Johnny Tremain by Esther Forbes
Recommended for: Ages 10 to Adult
Rating: PG (injuries and some war)
A story filled with danger and excitement, Johnny Tremain tells of the turbulent, passionate times in Boston just before the Revolutionary War. Johnny, a young apprentice silversmith, is caught up in a dramatic involvement with James Otis, John Hancock, and John and Samuel Adams in the exciting currents and undercurrents that were to lead to the Boston Tea Party and the Battle of Lexington--and finally, a touching resolution of Johnny's personal life.
Johnny Tremain is historical fiction at its best, portraying Revolutionary Boston as a living drama, through the shrewd eyes of an observant boy.
Reading reviews of Johnny Tremain, I've come to realize that people either love it or hate it. I personally don't understand how anyone could hate it. Because, well, I would say Johnny Tremain is one of, if not the, top favorite ever historical fiction book I've read.
First off, I love that it's about the American Revolution. I just love that period of history. It is so important to our country, and so many amazing things happened. This book incorporates many of those, like the Boston Tea Party, Paul Revere's Ride, the battle of Lexington and Concord, as well as historical figures from John Hancock to Paul Revere. Even just taking this aspect alone, Johnny Tremain is an amazing book. Who wouldn't want to experience the events of the American Revolution like this?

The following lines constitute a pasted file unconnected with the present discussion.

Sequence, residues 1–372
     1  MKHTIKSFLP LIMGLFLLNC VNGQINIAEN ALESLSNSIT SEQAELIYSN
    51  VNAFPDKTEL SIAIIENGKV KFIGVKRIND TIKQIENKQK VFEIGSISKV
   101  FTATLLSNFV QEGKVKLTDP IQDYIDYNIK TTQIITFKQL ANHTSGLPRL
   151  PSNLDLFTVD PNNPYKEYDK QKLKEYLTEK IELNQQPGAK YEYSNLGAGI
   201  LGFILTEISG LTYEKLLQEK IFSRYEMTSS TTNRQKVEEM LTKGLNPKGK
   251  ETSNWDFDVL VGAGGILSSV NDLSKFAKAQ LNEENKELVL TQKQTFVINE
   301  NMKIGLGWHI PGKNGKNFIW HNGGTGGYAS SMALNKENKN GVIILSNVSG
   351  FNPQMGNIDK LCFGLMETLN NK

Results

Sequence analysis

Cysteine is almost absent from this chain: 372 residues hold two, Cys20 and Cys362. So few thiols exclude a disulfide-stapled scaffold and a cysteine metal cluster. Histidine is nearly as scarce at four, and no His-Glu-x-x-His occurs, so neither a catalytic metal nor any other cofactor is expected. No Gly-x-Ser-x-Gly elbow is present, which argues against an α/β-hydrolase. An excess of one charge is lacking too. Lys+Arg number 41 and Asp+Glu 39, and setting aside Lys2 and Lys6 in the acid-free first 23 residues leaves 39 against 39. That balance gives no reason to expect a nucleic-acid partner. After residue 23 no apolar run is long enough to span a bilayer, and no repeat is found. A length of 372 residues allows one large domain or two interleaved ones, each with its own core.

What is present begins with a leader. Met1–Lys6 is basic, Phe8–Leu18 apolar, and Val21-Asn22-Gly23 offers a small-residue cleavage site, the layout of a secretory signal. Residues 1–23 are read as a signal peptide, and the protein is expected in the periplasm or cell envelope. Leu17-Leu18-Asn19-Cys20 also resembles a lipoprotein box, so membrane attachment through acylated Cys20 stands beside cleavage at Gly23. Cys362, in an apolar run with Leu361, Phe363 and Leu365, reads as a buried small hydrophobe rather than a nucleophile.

But the awesomeness doesn't stop there. These characters. They are just so amazing, and so realistic. Johnny has a positive character arc to follow throughout the book. His pride is a problem, and he has to suffer the consequences. He's stubborn, but knows what's right, even though sometimes his pride gets in the way. And his past is one that has to be revealed. Rab is a good young man. He's humble and patriotic, determined to fight for freedom so "that a man can stand up." I'm also rather partial to Cilla Lapham. She cares about people, but she's not afraid to speak her mind if it becomes necessary, in spite of being shy. She can be silly at times, "I like being silly." I feel sorry for her when Johnny snubs her, but she knows how to throw it right back at him. (She has three sisters, Dorcas, Madge, and Isannah. The Disney movie cuts them all out, which in turn cuts out more than half of the story. The book is way better.) And I love to see how the different relationships between the characters develop throughout the story.
The personal stories of the characters are so skillfully intertwined with that of America. It's amazing how it works. It's not a separate story simply set in Revolutionary Boston that could have been set somewhere else, nor is it a story only about the Revolution. It is a beautiful whole, and one without the other would not work at all.
Johnny Tremain is very well written. It won a Newbery in the 40s, so I think it's safe to assume it is, even had I not read it and fully believed that. It really pulls you in and gets you to experience everything along with the characters. I've felt the sadness that comes with some parts of the story, the injustices, the humor, the pain. It's all there. It's my favorite Revolutionary War story for sure. Because despite their personal struggles, they all know that independence is important. That it's worth fighting for. That it's worth dying for. And people did.
"Hundreds would die, but not the thing they died for.
" 'A man can stand up...' "